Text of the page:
In this Issue
Touro University California has the bittersweet task of announcing the retirement of the Dean of the College of Osteopathic Medicine (TUCOM), Dr. Michael B. Clearfield. Dr. Clearfield has been in his position as the COM Dean since 2006 and has presided over the creation of more than 2,000 physicians in that span.
Dr. Clearfield’s final day with the university will be July 31, 2021, at which point he will retire to Texas to be closer to his children and grandchildren.
TUCOM was TUC’s first program and the medical school has grown into a formidable force nationally under Dr. Clearfield’s leadership.
During an online celebration of Dr. Clearfield’s career, TUC staff and faculty, Touro College and University System leaders, leaders in the Osteopathic profession, fellow researchers, past colleagues, his family, friends and numerous current and former students joined the zoom celebration to offer memories and well wishes for his future.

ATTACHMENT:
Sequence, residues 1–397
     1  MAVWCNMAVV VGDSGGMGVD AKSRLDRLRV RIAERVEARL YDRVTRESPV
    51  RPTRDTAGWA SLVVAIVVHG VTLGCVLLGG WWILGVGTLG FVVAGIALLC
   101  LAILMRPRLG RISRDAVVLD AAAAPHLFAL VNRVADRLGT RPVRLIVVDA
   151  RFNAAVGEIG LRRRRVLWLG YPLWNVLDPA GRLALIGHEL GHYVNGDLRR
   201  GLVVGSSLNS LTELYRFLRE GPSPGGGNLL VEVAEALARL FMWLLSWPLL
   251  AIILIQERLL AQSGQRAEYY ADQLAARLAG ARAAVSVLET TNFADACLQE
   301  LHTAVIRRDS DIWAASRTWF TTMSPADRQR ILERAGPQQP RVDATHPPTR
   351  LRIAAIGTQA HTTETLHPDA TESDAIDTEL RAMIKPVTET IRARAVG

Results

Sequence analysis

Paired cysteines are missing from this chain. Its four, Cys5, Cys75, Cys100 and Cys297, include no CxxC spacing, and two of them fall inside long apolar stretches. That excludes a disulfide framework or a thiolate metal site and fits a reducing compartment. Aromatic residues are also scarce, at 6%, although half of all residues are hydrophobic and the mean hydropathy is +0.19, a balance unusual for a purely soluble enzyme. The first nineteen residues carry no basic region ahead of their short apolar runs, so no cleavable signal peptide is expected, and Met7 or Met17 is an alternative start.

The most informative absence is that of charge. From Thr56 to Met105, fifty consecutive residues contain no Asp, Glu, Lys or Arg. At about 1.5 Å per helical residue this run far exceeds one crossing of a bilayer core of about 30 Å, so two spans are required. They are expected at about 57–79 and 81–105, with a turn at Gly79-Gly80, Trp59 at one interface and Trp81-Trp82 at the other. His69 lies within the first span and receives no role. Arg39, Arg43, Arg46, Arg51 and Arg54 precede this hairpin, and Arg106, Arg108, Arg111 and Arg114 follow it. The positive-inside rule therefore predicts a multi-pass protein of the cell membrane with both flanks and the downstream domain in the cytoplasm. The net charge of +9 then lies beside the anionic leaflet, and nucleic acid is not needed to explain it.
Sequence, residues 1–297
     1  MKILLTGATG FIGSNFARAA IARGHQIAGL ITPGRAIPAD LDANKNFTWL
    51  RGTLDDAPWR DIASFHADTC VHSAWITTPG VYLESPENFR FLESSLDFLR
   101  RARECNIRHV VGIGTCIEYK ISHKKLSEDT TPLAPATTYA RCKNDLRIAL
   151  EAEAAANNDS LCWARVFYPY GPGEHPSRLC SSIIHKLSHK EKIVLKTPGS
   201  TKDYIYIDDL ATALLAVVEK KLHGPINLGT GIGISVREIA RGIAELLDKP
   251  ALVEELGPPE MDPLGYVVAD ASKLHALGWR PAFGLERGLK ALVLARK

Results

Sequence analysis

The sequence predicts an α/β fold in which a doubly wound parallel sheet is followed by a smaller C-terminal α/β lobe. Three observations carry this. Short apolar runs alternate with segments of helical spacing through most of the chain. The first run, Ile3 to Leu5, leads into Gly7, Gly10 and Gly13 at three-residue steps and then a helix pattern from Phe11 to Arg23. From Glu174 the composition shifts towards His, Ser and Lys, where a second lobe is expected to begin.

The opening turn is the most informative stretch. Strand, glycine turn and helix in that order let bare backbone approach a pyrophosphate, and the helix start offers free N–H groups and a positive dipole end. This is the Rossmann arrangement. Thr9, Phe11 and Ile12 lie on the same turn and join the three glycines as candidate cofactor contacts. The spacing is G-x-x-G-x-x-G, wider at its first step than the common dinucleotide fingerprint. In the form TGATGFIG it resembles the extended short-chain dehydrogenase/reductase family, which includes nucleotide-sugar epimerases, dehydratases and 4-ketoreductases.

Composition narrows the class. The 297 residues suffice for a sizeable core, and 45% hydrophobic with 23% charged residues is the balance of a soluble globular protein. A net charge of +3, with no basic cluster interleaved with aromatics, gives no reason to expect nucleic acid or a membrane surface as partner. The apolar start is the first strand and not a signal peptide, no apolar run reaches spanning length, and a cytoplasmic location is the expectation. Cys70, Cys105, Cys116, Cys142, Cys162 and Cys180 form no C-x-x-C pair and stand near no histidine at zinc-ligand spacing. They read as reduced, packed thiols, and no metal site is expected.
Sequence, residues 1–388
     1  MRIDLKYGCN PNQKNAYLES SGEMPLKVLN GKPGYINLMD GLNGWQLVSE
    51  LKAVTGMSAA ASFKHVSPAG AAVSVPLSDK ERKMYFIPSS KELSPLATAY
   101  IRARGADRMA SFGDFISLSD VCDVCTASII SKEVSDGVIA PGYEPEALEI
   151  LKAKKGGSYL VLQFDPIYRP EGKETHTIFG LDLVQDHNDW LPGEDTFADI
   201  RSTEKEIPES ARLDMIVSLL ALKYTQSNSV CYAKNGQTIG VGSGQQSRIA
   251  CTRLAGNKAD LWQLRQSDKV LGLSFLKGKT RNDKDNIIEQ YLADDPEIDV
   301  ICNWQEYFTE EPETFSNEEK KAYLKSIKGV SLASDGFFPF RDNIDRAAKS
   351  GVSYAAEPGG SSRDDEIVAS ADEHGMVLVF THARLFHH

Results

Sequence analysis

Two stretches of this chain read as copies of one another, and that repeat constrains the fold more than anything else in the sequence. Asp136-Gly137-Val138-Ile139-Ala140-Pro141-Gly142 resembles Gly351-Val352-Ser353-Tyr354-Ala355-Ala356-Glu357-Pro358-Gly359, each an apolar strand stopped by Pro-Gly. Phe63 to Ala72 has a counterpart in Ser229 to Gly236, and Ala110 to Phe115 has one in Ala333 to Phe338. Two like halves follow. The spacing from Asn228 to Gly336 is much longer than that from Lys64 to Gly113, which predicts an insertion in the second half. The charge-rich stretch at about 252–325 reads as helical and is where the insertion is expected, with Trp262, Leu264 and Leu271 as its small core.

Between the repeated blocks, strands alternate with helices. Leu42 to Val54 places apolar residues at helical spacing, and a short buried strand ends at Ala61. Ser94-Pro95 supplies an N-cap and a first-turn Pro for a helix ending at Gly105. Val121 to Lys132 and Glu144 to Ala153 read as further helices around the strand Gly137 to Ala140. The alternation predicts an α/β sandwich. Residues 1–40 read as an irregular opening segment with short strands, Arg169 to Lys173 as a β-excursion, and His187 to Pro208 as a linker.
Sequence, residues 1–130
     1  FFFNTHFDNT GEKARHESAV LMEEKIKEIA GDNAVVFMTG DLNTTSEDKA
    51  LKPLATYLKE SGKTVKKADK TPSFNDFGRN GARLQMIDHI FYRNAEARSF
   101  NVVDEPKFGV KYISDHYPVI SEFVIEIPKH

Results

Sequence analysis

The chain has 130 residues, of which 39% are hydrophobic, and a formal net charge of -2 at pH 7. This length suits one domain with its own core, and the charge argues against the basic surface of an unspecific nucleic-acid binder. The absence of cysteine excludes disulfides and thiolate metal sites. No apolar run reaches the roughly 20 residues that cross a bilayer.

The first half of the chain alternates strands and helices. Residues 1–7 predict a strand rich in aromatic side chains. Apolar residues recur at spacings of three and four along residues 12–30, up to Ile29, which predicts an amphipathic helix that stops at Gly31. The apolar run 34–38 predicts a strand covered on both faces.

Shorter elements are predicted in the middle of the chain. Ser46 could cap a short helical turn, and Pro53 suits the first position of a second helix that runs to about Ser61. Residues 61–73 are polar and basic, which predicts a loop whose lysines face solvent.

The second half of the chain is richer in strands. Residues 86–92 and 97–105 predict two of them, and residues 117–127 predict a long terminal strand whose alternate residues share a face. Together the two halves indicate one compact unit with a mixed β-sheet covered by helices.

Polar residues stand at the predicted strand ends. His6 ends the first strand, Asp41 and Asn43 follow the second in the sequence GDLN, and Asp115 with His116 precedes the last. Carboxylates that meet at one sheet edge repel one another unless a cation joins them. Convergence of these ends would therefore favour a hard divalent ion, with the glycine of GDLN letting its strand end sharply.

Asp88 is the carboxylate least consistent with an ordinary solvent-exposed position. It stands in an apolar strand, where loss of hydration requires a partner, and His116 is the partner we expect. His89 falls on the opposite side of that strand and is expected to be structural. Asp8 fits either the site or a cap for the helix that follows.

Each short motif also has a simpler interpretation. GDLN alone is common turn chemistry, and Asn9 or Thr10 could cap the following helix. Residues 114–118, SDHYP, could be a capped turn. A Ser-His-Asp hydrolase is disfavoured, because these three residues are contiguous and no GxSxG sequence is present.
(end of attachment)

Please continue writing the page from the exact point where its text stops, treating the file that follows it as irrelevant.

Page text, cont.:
Dr. Alan Kadish, TCUS President, credited Dr. Clearfield with TUCOM’s growth and success over the years.
“I’ve known Mike for about 11 years and in that time it’s been an absolute pleasure,” Dr. Kadish said. “What Mike has built at Touro University California – not always in the easiest of circumstances – has been truly amazing, and he’s done it with dedication, civility, and with real concern about the students, real concern about the profession of osteopathic medicine, and it’s just been amazing to watch and to benefit from.”
Provost and Chief Academic Officer Dr. Sarah Sweitzer noted that just under two-percent of all Doctors of Osteopathic Medicine nationally have come from Touro, but that over 11-percent of articles and studies in the Journal of Osteopathic Medicine are attributed to TUCOM.
“You put TUCOM on the map nationally,” Dr. Sweitzer said. “You leave large shoes and hearts to fill. I’m so happy for you but already missing your presence.”
Student-doctor Samaneh Bolourchi echoed that sentiment while speaking on behalf of students both past and present.